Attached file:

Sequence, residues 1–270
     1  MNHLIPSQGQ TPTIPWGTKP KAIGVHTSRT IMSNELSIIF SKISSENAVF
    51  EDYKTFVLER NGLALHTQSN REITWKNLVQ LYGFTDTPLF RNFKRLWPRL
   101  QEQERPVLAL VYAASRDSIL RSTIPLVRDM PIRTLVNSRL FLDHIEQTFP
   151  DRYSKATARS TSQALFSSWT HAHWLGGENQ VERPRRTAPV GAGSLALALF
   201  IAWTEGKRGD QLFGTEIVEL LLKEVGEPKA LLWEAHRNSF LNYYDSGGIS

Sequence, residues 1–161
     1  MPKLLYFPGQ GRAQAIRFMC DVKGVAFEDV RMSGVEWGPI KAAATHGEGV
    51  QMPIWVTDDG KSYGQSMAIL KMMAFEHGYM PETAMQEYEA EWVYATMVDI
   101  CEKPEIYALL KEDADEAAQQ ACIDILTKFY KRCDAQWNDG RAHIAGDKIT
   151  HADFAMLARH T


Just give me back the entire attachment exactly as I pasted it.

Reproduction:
Sequence, residues 1–270
     1  MNHLIPSQGQ TPTIPWGTKP KAIGVHTSRT IMSNELSIIF SKISSENAVF
    51  EDYKTFVLER NGLALHTQSN REITWKNLVQ LYGFTDTPLF RNFKRLWPRL
   101  QEQERPVLAL VYAASRDSIL RSTIPLVRDM PIRTLVNSRL FLDHIEQTFP
   151  DRYSKATARS TSQALFSSWT HAHWLGGENQ VERPRRTAPV GAGSLALALF
   201  IAWTEGKRGD QLFGTEIVEL LLKEVGEPKA LLWEAHRNSF LNYYDSGGIS

Sequence, residues 1–161
     1  MPKLLYFPGQ GRAQAIRFMC DVKGVAFEDV RMSGVEWGPI KAAATHGEGV
    51  QMPIWVTDDG KSYGQSMAIL KMMAFEHGYM PETAMQEYEA EWVYATMVDI
   101  CEKPEIYALL KEDADEAAQQ ACIDILTKFY KRCDAQWNDG RAHIAGDKIT
   151  HADFAMLARH T